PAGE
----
Personally, I think that’s what I’d be looking at. The internal SSD will likely be large enough for macOS and apps. Then use a fast external SSD for media. I would think performance should be just fine, considering the TB3 connection should have more than enough bandwidth to support the roughly 500 MB/s of a SATA III SSD or even the ~3 GB/s of an M.2 SSD.
I have a mid 2010 27" iMac which I am assured by EtreCheck is now considered “vintage”. The display is still working perfectly. In fact, the whole computer still works fine with the exception of the CD/DVD internal drive. And I use an external Blu Ray/DVD drive which solved that problem.
So, is it logical and possible to buy a new Mac mini and route the display information over to the iMac? I certainly am not running very high powered software. Email, Safari, Epson scanner and printer, Cadintosh and Graphic Converter. They all run just fine today but I’m expecting that the next Mac OS release will not load onto the iMac.
If I were able to have the Mac mini do the heavy duty computing and the vintage iMac for the 27" display and perhaps to run the older 32 bit applications that might be an inexpensive upgrade path.
According to the latest listing https://support.apple.com/HT201624, your iMac is “Obsolete” world-wide (meaning at least some repair parts are no longer available), so EtreCheck is not yet up-to-speed on this. I suppose it is possible that the new Apple Repair Vintage Apple Products Pilot could be extended further, but that might be a stretch.
It is possible for some Macs to be used in Targeted Display Mode. Note that they still have to be able to boot, then switch to display mode.
Yours seems to be one of the 3 models of iMac that can do it.
iMac (27-inch, Late 2009)
iMac (27-inch, Mid 2010)
iMac (Mid 2011-Mid 2014)
Later and earlier models can not be used in Targeted Display mode.
More details here: https://support.apple.com/en-ca/HT204592
David R. and Al V.
Thanks for the info. I will think seriously about keeping the iMac for its display and getting a Mac mini with some stuff to make it run a little faster than this does. An SSD seems like a very good idea. I don’t want to have to chase down replacements for all the 32 bit apps right away.
Thanks again. I’ve bookmarked the pages you pointed me to.
Macs tend to have good resale value. You could try to sell off your old iMac and use that money to buy a good screen to go with your mini. This 27" doesn’t come with retina density, but at $400 it’s an inexpensive yet very good IPS panel with LED backlight and narrow bezels. It’s matte too.
The “retina” version is $534.
I did that, sold my 2011 iMac I had been using as a monitor (worked great for the most part) and bought a new one to save $ on power consumption - even used as a targeted display, the entire computer is running behind the scenes - and to upgrade to 4K. Nice Samsung 27”, $299 at Costco ($249 for mine - they had an open-box unit never used (they opened two boxes by mistake when they set up the display). Sold the Mac for $300, so that worked out all around.
The RAM is user upgradeable. The storage is not. So you can get one with the minimum RAM and upgrade it, with an exchange program at OtherWorld Computing, which has already announced their new mini upgrade kits—which are half of what Apple charges, if you exchange the original RAM. As for storage, with four USB-C ports, you can use any external storage you like, including flash drives. There are only two USB 3 ports so you may need a hub if you have multiple external USB devices, like a printer and scanner.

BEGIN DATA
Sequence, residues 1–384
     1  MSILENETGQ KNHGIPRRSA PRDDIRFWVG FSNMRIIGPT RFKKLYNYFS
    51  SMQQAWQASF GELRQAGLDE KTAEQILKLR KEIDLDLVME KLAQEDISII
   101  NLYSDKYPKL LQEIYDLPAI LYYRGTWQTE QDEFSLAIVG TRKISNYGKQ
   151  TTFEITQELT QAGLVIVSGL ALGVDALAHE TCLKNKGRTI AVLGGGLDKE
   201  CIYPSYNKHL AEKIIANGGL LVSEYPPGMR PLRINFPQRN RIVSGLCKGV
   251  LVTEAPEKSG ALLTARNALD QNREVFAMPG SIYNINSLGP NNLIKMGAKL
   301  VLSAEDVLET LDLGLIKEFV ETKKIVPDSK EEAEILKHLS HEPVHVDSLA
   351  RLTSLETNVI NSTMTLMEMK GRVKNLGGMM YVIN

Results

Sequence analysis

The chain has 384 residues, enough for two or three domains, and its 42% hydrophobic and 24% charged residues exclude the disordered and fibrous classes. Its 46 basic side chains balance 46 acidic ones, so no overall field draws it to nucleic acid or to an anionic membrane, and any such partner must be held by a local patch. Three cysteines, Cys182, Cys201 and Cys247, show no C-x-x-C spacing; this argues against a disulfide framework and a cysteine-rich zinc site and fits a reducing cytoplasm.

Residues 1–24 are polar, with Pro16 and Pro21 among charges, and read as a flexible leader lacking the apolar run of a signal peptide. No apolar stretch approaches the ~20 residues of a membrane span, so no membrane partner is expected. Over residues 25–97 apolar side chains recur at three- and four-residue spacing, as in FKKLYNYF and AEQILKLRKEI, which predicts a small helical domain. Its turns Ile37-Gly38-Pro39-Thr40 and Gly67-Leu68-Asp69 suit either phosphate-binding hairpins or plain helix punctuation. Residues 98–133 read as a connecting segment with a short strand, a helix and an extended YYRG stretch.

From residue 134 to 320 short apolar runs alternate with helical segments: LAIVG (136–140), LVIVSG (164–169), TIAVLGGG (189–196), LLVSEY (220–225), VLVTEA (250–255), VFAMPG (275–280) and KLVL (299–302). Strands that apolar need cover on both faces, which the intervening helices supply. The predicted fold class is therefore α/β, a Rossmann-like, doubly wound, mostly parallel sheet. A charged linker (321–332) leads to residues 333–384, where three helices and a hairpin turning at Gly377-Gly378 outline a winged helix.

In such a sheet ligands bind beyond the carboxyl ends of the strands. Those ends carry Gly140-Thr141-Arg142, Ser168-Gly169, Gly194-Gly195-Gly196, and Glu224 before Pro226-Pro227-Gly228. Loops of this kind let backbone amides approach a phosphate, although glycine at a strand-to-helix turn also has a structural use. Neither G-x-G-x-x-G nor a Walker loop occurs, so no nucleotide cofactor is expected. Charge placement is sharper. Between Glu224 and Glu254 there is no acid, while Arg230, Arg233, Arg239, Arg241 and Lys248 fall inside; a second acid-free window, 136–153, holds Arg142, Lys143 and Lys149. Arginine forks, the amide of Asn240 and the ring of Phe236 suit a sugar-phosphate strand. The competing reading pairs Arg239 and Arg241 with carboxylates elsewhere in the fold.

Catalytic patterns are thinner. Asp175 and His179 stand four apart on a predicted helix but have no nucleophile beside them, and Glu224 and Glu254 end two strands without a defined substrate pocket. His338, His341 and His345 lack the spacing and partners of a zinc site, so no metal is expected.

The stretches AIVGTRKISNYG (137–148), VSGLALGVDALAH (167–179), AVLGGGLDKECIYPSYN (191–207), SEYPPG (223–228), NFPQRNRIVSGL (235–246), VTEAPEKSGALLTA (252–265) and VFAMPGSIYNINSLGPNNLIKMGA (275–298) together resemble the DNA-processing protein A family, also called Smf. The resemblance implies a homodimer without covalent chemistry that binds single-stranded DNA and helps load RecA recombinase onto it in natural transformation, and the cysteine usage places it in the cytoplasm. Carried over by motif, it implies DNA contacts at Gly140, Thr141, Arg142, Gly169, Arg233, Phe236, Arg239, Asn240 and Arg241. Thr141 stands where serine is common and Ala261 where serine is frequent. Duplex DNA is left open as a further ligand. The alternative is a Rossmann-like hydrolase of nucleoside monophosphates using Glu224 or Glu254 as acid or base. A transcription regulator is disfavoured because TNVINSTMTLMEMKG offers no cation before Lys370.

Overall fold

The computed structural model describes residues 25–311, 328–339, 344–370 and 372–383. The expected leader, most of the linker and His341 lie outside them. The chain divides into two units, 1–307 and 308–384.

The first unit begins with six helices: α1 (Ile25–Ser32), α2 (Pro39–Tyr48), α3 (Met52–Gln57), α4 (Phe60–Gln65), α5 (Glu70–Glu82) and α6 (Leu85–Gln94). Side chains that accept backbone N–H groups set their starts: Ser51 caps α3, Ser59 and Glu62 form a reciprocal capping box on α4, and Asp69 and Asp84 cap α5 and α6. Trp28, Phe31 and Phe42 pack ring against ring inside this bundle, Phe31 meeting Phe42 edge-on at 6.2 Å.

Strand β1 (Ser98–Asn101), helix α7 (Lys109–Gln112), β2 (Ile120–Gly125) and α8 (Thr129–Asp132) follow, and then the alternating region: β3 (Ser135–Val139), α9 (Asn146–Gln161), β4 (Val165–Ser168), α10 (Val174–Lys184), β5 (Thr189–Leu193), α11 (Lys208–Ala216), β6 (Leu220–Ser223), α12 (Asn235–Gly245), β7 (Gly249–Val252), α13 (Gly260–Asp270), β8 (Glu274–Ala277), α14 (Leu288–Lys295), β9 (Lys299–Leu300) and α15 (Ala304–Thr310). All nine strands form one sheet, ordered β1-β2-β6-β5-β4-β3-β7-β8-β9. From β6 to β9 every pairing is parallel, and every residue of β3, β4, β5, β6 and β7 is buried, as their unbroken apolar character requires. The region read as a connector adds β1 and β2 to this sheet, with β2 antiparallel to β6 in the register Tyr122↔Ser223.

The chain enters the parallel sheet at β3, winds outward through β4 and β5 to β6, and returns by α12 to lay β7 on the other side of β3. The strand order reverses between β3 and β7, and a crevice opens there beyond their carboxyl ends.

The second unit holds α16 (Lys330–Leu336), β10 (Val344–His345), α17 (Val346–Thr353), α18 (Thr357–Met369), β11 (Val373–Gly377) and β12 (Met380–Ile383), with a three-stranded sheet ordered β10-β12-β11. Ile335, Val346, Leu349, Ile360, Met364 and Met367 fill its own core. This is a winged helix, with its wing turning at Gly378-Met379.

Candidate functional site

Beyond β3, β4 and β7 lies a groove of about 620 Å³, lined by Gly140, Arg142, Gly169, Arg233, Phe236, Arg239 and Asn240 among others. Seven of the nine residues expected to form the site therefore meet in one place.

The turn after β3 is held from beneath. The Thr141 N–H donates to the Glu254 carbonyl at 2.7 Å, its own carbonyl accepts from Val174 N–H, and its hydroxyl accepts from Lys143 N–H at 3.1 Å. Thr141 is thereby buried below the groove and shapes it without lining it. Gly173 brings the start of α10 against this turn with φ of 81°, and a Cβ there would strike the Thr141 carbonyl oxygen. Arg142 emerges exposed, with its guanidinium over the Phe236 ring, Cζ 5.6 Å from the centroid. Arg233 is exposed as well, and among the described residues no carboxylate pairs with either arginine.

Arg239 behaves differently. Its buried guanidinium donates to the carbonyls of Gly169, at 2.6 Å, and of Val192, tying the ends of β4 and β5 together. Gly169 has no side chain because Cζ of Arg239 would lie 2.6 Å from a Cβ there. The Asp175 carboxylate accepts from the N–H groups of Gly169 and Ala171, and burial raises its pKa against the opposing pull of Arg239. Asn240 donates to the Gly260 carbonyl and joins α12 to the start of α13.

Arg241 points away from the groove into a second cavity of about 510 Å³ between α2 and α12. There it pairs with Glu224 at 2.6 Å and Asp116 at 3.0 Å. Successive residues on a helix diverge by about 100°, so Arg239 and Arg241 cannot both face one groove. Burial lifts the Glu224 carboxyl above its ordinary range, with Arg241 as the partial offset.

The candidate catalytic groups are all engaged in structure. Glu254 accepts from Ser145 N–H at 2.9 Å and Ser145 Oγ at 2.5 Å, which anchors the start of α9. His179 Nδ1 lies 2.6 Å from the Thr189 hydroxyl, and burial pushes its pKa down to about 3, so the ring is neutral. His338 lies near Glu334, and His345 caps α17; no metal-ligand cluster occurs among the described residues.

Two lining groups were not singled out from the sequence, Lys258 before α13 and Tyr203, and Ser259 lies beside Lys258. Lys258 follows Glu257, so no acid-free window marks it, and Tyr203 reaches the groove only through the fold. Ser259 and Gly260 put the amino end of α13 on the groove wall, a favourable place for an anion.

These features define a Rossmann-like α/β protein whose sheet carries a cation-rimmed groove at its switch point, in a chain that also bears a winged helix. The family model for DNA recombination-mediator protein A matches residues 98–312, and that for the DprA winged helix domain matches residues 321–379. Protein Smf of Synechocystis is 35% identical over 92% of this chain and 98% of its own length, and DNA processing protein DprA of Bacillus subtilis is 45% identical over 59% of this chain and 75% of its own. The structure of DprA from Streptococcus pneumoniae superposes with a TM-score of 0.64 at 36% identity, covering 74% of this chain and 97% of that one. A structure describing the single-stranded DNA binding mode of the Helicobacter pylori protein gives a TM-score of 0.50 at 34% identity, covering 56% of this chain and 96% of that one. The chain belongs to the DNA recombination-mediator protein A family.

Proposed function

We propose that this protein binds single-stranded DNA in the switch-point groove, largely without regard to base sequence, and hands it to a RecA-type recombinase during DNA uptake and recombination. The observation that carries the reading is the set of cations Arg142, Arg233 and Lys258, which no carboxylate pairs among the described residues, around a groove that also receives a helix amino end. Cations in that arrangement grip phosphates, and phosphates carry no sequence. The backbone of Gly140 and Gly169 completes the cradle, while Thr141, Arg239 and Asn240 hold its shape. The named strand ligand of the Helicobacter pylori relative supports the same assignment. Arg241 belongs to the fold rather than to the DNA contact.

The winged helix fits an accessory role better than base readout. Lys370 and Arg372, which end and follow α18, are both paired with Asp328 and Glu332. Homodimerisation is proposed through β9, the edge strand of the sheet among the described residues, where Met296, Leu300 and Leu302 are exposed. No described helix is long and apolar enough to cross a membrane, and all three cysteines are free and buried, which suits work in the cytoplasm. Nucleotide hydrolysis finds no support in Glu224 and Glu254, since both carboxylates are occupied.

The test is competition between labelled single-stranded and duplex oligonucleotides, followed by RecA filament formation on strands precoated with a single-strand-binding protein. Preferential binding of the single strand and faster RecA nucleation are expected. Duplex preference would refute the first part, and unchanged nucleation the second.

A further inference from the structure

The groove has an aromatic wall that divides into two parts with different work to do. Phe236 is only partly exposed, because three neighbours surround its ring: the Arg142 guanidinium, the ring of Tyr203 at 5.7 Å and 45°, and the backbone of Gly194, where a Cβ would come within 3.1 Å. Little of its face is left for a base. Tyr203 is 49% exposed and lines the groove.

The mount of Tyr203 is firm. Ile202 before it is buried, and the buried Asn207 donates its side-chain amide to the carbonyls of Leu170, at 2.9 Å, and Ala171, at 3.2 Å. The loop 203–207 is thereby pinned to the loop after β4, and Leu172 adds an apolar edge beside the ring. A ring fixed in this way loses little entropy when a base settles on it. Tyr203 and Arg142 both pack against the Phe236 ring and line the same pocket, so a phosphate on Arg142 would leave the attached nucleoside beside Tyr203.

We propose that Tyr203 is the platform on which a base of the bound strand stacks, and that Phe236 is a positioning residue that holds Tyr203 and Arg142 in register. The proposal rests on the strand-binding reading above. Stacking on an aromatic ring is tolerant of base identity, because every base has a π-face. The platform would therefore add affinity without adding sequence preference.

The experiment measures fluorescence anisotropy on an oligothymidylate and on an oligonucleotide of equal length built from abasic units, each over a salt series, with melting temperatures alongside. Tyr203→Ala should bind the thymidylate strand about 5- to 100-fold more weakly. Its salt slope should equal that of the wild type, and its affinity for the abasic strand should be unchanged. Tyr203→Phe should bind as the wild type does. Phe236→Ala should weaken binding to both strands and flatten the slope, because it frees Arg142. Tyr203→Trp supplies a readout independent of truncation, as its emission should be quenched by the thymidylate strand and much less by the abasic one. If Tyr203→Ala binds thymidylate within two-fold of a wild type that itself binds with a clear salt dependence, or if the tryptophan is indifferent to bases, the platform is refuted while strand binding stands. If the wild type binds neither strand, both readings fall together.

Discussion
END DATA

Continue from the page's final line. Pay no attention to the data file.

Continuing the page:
The new mini is compatible with eGPUs so you could go that rout is you can afford it.
The reviews for the Mac mini are mixed. Some gripe because they hoped for a redesign. Seems petty to me. Their expectations are not Apple’s fault. Maybe they spend too much time on rumor sites.
The higher cost is due, I expect, to the SSD storage and twice the base RAM, which is also almost twice as fast as that in the previous mini, at 2666MHz DDR4. As well, it can take up to 64Gb of memory, four times the previous maximum, and up to a 2TB SSD, and an option for 10GB Ethernet, so clearly the motherboard is far more capable. The Thunderbolt 3 ports are probably more expensive as well, though it still has an HDMI port—without any adaptor. In fact, the mini is far more expandable than previous models, from the base model to the maximum configuration; this flexibility obviously comes at a price.
As for that price, the maximum configuration is somewhat less than a similarly set up iMac. The difference will buy you an inexpensive monitor. If you’ve already got a good monitor, you’re golden. By the way, the specs say the Thunderbolt three port is compatible with a display port connector so it very well may light up an old iMac. But I’d check that out with Apple tech support before buying, if your looking for that.
So, is the mini too expensive? As compared to what? A $400 PC? Generally speaking you get what you pay for. That’s as true now as it ever was.
While it’s definitely easy to do on your own (just make sure you have a pentalobe screwdriver), I think technically Apple doesn’t consider it user upgradable. In practice it’s not a real issue, but it does make sense to keep the factory RAM around in case you ever need to take it in for warranty or AppleCare service.
Or just get the proper USB3/2 to USB-C cable (assuming you’re not running out of TB3 ports). There’s of course a whole lot of different USB2/3 plugs, but there’s cables for all and they’re usually quite inexpensive. Here just a few examples.
Here’s a nice demo of how to upgrade the RAM on the new mini. It’s not a huge deal, but it’s definitely not as simple and straightforward as on the 2012 mini. Lots of screws and cables to disconnect and unfortunately, the whole logic board has to come out to access the SO-DIMMs.